Friday, October 9, 2009

Before we get started, a little bit about me…

A favorite college class was an introductory anthropology course. I’ve always been interested in people – why they do what they do when they do and how they do it. One assignment was rather thought provoking, and for my initial blog, it seems only fair to give you a feel for me. The assignment was to answer this question: Who would you be if you weren’t who you are?

Whoa! Let’s take a moment to ponder this. Who would you be if you were not you? This is an impossibly paradoxical question. Assuming that we limit the discussion to planet Earth, where was I born? In a hospital or a mud hut? What gender am I? What era or century is it? Which continent was I born on? What natural resources are available to support my existence? How far is the nearest water source? Do I schlep 10-gallon containers three miles to collect my day’s water from a dirty stream, or do I stroll three feet for a 10-ounce glass of filtered, refrigerated, chemically treated H2O? Which language do I speak, if I use spoken language at all? What socio-economic and religious ideology is instilled in me? Am I educated? If so, how? Is my household/community/culture androcentrically biased, or is my mother running the show? Are my parents rich or poor? Educated or not? Business mavens or subsistence farmers? Do I even have parents? Who or what is the dominant governing/political power in my immediate geographic area? And is that power localized or globalized?

As I told my professor, I’m not copping out here. I promise. This is only a sampling of the questions that any good anthropologist must ask long before delving into a project. It would be fun to embark on a hypothetical recreation of me, but even as the story builds, more questions would arise that would require answers, so let’s keep it simple. If this blog becomes what I fear it will, I’ll be spouting epistemological wisdoms for the benefit of my progeny, my followers, and future generations. If this blog garners a regular readership, which I truly hope it does, I feel it only fair that you, dear readers, understand from whence these little life lectures stem.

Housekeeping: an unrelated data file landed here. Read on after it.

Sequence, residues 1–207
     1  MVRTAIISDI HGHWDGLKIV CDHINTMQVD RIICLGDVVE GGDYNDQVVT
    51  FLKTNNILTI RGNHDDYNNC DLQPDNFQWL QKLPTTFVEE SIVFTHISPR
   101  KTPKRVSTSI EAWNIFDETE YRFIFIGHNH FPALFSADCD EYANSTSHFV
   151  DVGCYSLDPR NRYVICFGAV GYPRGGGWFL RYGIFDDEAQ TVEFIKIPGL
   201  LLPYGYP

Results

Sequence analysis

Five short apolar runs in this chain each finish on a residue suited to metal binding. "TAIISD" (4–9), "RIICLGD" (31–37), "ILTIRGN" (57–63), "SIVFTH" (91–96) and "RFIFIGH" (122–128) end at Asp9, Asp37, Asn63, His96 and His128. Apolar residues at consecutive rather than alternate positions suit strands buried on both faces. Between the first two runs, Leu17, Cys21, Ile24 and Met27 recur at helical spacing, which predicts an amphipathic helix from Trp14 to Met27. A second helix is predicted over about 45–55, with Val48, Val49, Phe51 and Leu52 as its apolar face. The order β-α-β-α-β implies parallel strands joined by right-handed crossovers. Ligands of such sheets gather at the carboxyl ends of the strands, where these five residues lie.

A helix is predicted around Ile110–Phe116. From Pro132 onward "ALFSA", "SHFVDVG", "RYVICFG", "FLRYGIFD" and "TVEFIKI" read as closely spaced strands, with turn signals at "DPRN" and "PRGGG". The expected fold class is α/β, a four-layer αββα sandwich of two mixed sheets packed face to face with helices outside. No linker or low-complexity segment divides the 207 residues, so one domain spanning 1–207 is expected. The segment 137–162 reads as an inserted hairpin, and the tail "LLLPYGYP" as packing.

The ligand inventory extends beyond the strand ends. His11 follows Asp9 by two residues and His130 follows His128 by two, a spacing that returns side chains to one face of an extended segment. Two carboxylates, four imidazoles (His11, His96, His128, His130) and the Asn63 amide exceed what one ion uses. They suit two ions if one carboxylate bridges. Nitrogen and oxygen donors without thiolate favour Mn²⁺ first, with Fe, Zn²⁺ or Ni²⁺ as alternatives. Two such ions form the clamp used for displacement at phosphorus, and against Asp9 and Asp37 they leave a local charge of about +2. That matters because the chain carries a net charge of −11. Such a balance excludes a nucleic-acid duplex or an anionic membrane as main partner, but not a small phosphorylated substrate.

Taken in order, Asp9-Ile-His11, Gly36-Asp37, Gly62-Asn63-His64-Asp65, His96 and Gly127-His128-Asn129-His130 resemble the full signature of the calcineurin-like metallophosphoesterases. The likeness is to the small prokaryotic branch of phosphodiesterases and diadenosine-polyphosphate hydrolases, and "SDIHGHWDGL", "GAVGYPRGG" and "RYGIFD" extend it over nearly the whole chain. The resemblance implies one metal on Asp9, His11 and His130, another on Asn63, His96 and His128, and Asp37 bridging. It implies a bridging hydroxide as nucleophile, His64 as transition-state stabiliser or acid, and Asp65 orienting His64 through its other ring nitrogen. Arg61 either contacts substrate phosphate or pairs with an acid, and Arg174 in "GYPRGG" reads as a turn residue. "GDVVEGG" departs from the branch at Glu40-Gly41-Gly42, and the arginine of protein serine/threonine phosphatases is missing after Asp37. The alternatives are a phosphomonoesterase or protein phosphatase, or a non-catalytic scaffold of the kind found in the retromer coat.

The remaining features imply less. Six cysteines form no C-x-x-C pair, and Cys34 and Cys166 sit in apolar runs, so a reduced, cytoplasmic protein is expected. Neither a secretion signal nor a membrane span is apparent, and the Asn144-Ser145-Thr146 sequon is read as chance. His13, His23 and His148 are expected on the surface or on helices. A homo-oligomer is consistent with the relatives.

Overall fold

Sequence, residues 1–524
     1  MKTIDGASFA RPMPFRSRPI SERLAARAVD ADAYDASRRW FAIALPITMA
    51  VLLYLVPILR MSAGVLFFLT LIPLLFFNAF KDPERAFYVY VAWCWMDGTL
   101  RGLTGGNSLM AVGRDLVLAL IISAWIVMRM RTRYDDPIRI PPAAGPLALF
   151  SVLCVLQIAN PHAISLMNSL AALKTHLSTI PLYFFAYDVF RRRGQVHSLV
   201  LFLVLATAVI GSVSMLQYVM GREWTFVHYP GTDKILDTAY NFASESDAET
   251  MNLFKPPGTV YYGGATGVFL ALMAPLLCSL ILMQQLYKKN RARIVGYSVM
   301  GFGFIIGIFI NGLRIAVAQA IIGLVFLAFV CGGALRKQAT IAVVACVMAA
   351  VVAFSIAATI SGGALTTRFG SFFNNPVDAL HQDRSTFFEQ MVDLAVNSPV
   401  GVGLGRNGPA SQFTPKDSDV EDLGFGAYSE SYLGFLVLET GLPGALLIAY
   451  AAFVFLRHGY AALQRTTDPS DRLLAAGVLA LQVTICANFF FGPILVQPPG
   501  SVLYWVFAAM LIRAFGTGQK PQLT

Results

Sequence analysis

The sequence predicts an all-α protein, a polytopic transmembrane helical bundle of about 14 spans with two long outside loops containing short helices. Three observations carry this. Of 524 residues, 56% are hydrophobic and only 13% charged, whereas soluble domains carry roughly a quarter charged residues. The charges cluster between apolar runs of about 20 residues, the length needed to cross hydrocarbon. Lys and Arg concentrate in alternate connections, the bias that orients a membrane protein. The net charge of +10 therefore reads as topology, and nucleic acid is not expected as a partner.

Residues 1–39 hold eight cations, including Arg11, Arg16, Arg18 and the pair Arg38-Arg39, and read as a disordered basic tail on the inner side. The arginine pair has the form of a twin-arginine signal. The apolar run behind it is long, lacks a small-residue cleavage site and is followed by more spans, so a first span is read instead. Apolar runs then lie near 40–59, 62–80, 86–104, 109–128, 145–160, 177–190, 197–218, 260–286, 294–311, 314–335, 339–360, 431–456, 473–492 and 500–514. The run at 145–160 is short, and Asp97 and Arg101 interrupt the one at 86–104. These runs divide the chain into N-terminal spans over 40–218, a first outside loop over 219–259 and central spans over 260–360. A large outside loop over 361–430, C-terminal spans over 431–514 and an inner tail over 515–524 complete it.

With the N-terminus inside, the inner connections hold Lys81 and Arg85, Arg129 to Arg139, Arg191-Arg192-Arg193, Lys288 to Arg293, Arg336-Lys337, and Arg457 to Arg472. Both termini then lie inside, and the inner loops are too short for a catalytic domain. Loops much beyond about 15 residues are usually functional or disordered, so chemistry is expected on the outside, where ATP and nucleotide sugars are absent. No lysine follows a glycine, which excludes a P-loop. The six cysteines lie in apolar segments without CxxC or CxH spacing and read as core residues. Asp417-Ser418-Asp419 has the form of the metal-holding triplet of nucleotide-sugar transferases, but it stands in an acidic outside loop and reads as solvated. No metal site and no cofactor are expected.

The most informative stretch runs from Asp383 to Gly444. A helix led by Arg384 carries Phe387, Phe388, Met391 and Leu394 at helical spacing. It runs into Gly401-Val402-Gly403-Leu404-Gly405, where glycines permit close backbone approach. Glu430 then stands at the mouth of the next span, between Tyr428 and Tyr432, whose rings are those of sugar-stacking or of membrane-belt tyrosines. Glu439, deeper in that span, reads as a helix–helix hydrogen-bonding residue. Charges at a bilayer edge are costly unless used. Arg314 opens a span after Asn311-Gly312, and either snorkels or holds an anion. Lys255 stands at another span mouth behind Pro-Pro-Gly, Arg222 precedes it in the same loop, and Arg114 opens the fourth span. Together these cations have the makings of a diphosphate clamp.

I was born into a close-knit family in Central Kansas. Famous for endless wheat fields, turbulent weather and sky-writing witches, the state’s economy was founded and remains indelibly rooted in agriculture. I was fortunate. My parents were college-educated school teachers. This meant that, unlike others in my immediate social order, my early life was diverse – part academic, part survivalistic – despite having every second of every day ruled by the weather.

My mother and step-father supported me and my three half-siblings on bare necessities and subsistence level luxuries. Christmas stockings were filled with oranges and nuts, not toys and money. There was no allowance, no video games, and very little television – and then only after all the homework was done and checked by each parent. We had chores to do before and after school because my step-dad had a farming habit that rivaled crack cocaine. He still does. We grew much of our own food, we learned to make our own clothing, we supported community (read “church”) charities, and we fabricated most of our own entertainment. We rarely bought packaged food, or shopped at clothing stores, or had movie nights, or donated to national causes. We observed Roman Catholic doctrine and customs. My little brother was an obligatory altar boy. There was church every Sunday and Holy Days of Obligation, confirmation and communion ceremonies, lots of incense, baptismal oil, ashy foreheads, and Latin.